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THE HI-LIFE The Roaring Voice Of HHS Vol. 86, No. 2

FRIDAY November 8, 2019

Lions Honor Local Veterans At Kilgore Game

Ashley Wilkinson / THE HI-LIFE

To conclude their halftime performance from the Henderson vs Kilgore game, the HHS Lionettes thank veterans in the crowd for their service. The Lionettes performed to “God Bless America” by Celine Dion. Before the game, a HHS Lion Pride Band trombone quartet, under the direction of head band director Craig Haynie, also honored the veterans by performing “Star-Spangled Boom Boom,” a song similar to the national anthem, as the Lion varsity football team and coaches shook hands with local veterans on the field.

Check out TheHi-Life.com to see more articles from this six weeks.


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NOV 8, 2019

The Road So Far

SPORTS

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Varsity Football District Scores Lauren Lee / THE HI-LIFE

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Lions vs. Palestine Wildcats 19 - 41 (L)

Ashley Wilkinson / THE HI-LIFE

Ani Aparicio / THE HI-LIFE

Lions vs. Kilgore Bulldogs

Lions Play Against Van on Senior Night

36 - 29 (W)

Lions vs. Chapel Hill Bulldogs

Ashley Wilkinson News Bureau Chief

63 - 35 (W)

Ashley Wilkinson / THE HI-LIFE

Above: Senior Eli Jones salutes the Lions pregame while Alma Mater plays.

Lions vs. Carthage Bulldogs

1: The Lions charge at the Carthage Bulldogs. 2: The Lions listen to their coaches on the sidelines at the Chapel Hill game. 3: The Lions line up against the Kilgore Bulldogs.

Below: Junior Bryson Collins runs with the ball during the Hnederson vs Kilgore game.

14 - 34 (L)

Ashley Wilkinson / THE HI-LIFE

The Henderson Lions will play against the Van Vandals tonight at the Lions Stadium to determine if the Lions will advance to the playoffs. Henderson High School will also be honoring the Class of 2020 during the game. In the district, both football teams are essentially equal. This season, the Vandals lost against Kilgore and Carthage but won against Palestine and Chapel Hill. The Lions, on the other hand, won against Chapel Hill and Kilgore but lost to Carthage and Palestine. Overall, both teams have a 6-3 record. “I have faith in our boys,” senior Hannah Myers said. “I can’t say the odds are in our favor, but also, I can’t say the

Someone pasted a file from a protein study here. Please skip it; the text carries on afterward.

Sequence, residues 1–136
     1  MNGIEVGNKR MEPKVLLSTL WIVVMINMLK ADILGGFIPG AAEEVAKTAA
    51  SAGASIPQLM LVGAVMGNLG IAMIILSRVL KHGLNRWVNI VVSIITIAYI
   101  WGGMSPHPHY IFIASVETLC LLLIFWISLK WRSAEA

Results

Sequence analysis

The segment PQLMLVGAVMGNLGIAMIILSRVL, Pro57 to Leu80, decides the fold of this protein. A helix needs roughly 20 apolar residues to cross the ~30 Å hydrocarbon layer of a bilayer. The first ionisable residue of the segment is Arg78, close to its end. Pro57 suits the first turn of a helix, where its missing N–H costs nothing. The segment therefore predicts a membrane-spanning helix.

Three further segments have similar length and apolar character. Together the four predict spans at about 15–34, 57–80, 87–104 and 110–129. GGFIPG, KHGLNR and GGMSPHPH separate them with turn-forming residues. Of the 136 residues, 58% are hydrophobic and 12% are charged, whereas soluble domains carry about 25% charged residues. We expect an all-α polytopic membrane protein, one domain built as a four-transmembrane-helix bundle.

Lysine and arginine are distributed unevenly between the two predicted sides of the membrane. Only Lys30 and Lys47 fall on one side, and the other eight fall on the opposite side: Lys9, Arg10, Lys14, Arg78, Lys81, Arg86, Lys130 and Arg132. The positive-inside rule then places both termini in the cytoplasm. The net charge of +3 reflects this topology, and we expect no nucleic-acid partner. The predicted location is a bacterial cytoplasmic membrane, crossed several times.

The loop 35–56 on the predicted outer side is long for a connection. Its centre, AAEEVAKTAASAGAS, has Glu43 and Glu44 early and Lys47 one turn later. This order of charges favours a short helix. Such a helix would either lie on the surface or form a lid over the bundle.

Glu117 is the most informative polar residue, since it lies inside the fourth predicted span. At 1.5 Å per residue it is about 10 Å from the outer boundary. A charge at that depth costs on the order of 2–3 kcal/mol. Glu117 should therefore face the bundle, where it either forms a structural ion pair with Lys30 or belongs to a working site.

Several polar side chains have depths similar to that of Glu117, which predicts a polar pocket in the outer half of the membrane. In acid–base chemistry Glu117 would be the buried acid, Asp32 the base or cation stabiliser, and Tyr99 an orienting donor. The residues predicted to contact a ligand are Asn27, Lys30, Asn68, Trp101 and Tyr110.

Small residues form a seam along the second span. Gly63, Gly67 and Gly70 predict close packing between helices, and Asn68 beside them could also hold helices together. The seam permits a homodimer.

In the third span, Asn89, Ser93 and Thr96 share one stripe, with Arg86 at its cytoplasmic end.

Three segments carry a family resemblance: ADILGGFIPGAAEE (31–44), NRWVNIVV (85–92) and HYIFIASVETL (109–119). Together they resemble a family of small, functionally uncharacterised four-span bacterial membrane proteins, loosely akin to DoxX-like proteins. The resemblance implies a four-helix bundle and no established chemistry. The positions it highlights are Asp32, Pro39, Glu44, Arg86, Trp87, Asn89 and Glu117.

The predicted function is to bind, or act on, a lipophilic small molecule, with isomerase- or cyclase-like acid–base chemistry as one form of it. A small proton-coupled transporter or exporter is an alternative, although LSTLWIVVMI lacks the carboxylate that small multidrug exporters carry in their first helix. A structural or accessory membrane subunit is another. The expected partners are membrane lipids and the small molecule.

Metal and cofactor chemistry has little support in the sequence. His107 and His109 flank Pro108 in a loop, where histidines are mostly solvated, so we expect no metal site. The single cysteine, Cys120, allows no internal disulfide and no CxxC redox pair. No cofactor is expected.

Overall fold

odds are against us. As long as senior members of the drill team our boys play their hearts out, performed with their mothers. we will beat the Vandals.” The senior cheerleaders Traditionally, the last performed a special routine scheduled home to honor “It’s been an their fellow game of the season is dubbed honor twirling seniors. Senior Night to “ M a n y with the celebrate the last tears were game seniors shed after the Majorettes.” will experience pep rally,” during high school. senior and twirler Riley Foster “Tonight is bittersweet,” said. “I wore a t-shirt from the senior Ashley Wilkinson said. University of Texas at Austin. “After today, I will never It’s been an honor twirling with photograph another pep rally. I the Majorettes.” will never write another article If the Henderson Lions win about a high school football the football game tonight, game. I will never experience the team will advance to the the thrill of Friday night lights playoffs. again.” “Tonight is a reminder to all During Lions’ Den, the last seniors,” Wilkinson said. “It’s pep rally of the year took place almost time to say goodbye. in the gym. The senior twirlers Let’s make and cherish performed, wearing t-shirts memories while we still can.” from the college they will attend after graduation. The


SPORTS

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NOV 8, 2019 PAGE 3

Feature Coach

(Set) In Stone

Kristen LeShaw

Assistant Volleyball Coach